“Why would we want to help companies that are helping our enemies?” asked Steelman, who was also elected as a state senator in 1998 and 2002, and ran for governor of Missouri in 2008.
While Missouri never passed a terror-free investment law, Steelman, while she was treasurer, decided that Missouri was not going to invest in any company that did business with a state that sponsored terrorism. Because she sat on the pension board, she was able to change its governance policy, but not without resistance.
“There was a huge fight in the public pension board. It was unbelievable that people did not make the connection,” she said.
After Steelman left the board, “they undid my policy,” she said. “When I got off [the board], nobody cared anymore. But all across the country, states are [enacting terror-free investment laws].”
In addition to resistance from the pension boards, the Divest Terror movement has also fielded opposition from the National Foreign Trade Council, a U.S.-based lobby group promoting an open world trading system.
The NFRC has argued that state divestment laws “are trying to dictate foreign policy,” Holton said. “But that argument was incredibly weak.”
The NFRC has been less vocal on the issue in recent years, Holton said.
The NFRC did not respond to inquiries from The Chronicle.
Another argument posed by opponents to terror-free investing is that divestment from companies doing business with rogue nations could hurt portfolio returns.
“There is no empirical evidence that divestment from Iran has negatively affected portfolio performance,” Holton said. “In fact, the empirical research shows the opposite.”
After divesting Missouri’s funds from states that sponsor terror, Steelman said those portfolios did better than the MSCI benchmark for the year.
With one of its goals being to encourage foreign companies to pull its business from Iran and Sudan, the divestment strategy seems to be making a difference.
“I’ve seen companies pull out [of rogue states] as a result of the public pressure of divestment, as well as other sanctions,” Steelman said.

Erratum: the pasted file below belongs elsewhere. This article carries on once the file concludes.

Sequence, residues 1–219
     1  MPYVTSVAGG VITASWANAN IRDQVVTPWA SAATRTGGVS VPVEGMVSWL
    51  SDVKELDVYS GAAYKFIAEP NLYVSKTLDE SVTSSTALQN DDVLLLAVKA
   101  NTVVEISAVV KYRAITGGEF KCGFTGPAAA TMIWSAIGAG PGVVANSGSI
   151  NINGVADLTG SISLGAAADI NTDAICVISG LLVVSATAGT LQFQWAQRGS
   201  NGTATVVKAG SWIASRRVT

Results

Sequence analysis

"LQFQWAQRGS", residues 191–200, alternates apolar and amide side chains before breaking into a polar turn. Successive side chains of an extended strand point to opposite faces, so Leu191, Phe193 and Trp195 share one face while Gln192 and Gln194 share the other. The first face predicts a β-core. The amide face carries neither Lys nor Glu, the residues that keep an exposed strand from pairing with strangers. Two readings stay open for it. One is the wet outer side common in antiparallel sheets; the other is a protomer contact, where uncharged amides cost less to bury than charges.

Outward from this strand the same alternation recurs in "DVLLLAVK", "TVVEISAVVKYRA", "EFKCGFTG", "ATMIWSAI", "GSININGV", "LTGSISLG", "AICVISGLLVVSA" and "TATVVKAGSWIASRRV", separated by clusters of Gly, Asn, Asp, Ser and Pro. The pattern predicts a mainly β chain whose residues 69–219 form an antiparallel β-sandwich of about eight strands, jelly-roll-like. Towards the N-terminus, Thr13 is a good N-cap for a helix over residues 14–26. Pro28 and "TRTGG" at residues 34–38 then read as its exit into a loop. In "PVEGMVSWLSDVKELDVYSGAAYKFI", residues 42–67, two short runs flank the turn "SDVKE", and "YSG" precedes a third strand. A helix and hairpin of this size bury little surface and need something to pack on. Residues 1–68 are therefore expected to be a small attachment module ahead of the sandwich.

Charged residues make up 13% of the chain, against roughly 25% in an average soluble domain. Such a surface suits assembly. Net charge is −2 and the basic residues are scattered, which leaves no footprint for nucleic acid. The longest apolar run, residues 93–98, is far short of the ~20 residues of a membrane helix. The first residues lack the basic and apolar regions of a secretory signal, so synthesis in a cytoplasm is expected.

The German firm Siemens has left Iran, as has French energy group Total, BP and Royal Dutch Shell, among others.
To demonstrate what a difference a divestment policy can make, Holton points to 1980s South Africa.
“Divestment put the issue [of apartheid] on the front page,” Holton said, “and encouraged Congress to take action against South Africa.”
Congress is following suit on the Sudan and Iran issues as well, as is evidenced by last week’s passage of the Comprehensive Iran Sanctions, Accountability, and Divestment Act of 2010.
“The states are leading the way,” said Holton.
While divestment encourages companies to cease dealing with Iran and Sudan, Holton is skeptical that it can, by itself, influence changes in those countries’ policies.
“Iran is such a bad actor on so many levels,” Holton said. “It is continuing to sponsor the Taliban, and enriching uranium in violation of the U.N. Security Council. No, Iran’s behavior has not changed as of yet. But whether or not Iran will change, most people in the States don’t want their money supporting Iran.”
Divestment need not be limited to public funds, Steelman said, but should be a consideration of “every American citizen looking at their individual portfolios. This is something that every American can contribute to fight against terrorism.”
(Toby Tabachnick can be reached at firstname.lastname@example.org.)